The Israeli government has issued a warning to the BBC, indicating that the network may be banned from reporting in the country due to its refusal to classify Hamas as a terrorist organisation, reports Arab News.
A senior Israeli official expressed the government's concerns, emphasising that the BBC might face repercussions if it continued to operate in a manner "inconsistent with our legal framework."
In an interview with the Daily Mail on Thursday, Israeli President Isaac Herzog called the BBC's stance "atrocious."
"The fact that it does not recognize Hamas as a terror organisation requires a complete legal battle and public battle," Herzog said. "What other type of torture do they want before they decide it [is] a terrorist organization?"
Herzog also highlighted what he claimed was a double standard in the way the BBC has characterised similar acts of violence in the past, citing the London Bridge, Westminster, and Paris attacks as examples of events the BBC has reported as terrorist acts.
Another Israeli official, discussing potential measures against broadcasters, told The Telegraph, "We're a democratic country and we will use all the tools a democratic state has. If any broadcast channel uses terminology we think is crossing the line in accordance with our laws, we will [take action]."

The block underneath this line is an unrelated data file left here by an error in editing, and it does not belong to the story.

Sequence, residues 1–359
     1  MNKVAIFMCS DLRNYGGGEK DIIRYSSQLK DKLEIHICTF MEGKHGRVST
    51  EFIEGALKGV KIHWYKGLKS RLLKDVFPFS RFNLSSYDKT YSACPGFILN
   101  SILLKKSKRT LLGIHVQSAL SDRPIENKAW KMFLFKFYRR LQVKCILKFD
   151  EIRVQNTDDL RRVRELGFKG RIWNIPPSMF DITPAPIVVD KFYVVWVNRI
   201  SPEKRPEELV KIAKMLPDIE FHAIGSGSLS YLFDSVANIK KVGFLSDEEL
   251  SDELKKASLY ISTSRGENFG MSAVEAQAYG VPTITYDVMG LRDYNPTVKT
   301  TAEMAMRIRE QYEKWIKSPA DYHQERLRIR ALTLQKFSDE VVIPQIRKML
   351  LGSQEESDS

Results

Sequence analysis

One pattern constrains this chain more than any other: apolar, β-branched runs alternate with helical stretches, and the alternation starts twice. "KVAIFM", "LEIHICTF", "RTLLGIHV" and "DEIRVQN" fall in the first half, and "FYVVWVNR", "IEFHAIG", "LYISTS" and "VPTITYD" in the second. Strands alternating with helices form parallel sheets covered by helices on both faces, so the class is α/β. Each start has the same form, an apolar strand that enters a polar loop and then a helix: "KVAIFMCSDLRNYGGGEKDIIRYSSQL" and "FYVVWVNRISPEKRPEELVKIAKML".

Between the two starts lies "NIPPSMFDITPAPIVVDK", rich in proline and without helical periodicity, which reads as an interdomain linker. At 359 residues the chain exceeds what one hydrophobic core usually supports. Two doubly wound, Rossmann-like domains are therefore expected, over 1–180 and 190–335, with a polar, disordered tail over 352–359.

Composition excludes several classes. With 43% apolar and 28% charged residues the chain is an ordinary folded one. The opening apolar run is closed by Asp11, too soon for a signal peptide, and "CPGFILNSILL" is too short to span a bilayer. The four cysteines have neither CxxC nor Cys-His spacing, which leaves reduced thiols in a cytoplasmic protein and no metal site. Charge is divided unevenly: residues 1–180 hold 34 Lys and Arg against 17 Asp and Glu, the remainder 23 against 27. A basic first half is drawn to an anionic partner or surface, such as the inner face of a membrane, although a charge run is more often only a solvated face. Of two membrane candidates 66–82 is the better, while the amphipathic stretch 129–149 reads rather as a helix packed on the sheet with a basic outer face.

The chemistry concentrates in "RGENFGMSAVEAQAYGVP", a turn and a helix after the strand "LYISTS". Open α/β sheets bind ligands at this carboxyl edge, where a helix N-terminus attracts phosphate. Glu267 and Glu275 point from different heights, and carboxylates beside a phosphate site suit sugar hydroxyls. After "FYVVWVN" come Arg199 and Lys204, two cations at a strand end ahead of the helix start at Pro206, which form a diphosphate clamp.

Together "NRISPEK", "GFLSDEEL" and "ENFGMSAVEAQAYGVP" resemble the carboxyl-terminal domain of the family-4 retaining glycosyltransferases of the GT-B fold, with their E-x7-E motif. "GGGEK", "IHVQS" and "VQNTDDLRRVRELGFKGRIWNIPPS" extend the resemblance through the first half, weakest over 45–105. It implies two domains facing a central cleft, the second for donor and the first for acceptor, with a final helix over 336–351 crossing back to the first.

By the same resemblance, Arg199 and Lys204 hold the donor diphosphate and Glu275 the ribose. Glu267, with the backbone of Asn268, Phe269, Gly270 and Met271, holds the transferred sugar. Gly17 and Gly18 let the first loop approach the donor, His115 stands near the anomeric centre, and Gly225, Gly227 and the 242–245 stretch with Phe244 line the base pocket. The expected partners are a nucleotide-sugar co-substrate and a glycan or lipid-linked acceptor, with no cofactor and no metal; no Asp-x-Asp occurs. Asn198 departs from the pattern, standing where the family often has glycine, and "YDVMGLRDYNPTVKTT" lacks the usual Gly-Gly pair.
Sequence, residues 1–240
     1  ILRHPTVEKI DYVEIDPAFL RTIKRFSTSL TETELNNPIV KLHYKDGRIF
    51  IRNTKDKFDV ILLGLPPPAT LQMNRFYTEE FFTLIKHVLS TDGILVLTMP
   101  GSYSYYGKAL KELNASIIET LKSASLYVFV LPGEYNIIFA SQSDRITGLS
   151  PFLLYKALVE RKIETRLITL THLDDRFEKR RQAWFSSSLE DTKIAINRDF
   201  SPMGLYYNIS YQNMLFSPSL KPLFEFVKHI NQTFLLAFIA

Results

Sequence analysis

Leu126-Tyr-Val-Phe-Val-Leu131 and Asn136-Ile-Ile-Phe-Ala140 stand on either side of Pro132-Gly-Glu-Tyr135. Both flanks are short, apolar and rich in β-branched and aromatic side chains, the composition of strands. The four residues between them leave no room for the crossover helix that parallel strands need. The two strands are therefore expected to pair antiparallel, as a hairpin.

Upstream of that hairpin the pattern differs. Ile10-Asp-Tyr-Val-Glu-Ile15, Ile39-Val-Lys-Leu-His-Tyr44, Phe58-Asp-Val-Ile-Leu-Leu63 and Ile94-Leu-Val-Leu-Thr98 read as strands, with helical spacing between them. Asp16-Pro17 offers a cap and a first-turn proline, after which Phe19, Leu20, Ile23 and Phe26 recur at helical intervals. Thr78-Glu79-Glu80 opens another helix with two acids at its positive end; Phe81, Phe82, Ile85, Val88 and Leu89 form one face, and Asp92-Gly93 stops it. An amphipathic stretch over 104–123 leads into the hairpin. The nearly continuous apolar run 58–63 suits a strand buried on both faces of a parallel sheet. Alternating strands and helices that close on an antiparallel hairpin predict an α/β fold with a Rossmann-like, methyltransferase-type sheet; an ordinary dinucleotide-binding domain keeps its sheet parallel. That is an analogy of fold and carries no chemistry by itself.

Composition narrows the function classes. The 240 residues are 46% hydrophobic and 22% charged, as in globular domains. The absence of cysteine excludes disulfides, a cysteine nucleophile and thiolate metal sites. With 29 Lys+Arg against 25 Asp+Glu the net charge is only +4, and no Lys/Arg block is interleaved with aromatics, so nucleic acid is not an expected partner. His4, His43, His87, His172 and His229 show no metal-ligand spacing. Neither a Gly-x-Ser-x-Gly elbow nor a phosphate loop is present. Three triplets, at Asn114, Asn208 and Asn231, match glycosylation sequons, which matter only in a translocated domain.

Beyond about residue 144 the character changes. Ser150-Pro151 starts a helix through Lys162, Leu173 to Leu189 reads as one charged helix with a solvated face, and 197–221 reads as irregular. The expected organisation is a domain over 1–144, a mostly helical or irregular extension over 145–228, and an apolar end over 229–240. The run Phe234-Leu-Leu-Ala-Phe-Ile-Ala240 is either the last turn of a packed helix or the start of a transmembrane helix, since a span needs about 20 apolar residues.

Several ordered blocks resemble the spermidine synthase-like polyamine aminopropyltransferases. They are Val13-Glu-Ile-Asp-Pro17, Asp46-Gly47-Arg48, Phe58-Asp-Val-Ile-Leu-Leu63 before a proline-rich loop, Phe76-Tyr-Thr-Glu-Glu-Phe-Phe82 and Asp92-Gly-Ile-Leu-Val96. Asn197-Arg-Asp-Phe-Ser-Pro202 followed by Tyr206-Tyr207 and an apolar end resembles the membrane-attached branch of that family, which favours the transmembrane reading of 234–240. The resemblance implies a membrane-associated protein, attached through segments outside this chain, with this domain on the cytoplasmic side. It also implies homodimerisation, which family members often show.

Earlier this week, Israeli media reported that Shlomo Karhi, the communications minister, had been given the green light by the attorney general to set up regulations aimed at curbing Qatar-based TV network Al Jazeera's reporting on the ground in Israel.
On Friday, the Israeli government approved emergency regulations that will allow it to temporarily shut down Al Jazeera over its coverage of the ongoing conflict in Gaza.
Why BBC doesn't call Hamas militants 'terrorists'
According to John Simpson, world affairs editor at the BBC, the answer to why the BBC doesn't call Hamas militants 'terrorists' goes right back to the BBC's founding principles.
"Terrorism is a loaded word, which people use about an outfit they disapprove of morally. It's simply not the BBC's job to tell people who to support and who to condemn - who are the good guys and who are the bad guys," Simpson wrote in a column.
"We regularly point out that the British and other governments have condemned Hamas as a terrorist organisation, but that's their business. We also run interviews with guests and quote contributors who describe Hamas as terrorists.
"The key point is that we don't say it in our voice. Our business is to present our audiences with the facts, and let them make up their own minds."